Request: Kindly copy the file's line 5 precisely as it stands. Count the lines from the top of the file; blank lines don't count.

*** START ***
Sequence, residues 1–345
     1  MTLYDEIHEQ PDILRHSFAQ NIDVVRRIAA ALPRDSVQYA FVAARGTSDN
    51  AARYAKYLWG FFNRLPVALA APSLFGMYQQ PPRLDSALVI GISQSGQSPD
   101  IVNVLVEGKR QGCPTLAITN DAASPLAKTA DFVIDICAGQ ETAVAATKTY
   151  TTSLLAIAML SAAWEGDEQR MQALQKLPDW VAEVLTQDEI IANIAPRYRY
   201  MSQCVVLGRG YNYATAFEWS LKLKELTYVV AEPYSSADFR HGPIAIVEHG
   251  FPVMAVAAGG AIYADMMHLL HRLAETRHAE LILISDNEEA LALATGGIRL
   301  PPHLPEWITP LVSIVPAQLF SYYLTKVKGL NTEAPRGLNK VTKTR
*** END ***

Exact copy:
   151  TTSLLAIAML SAAWEGDEQR MQALQKLPDW VAEVLTQDEI IANIAPRYRY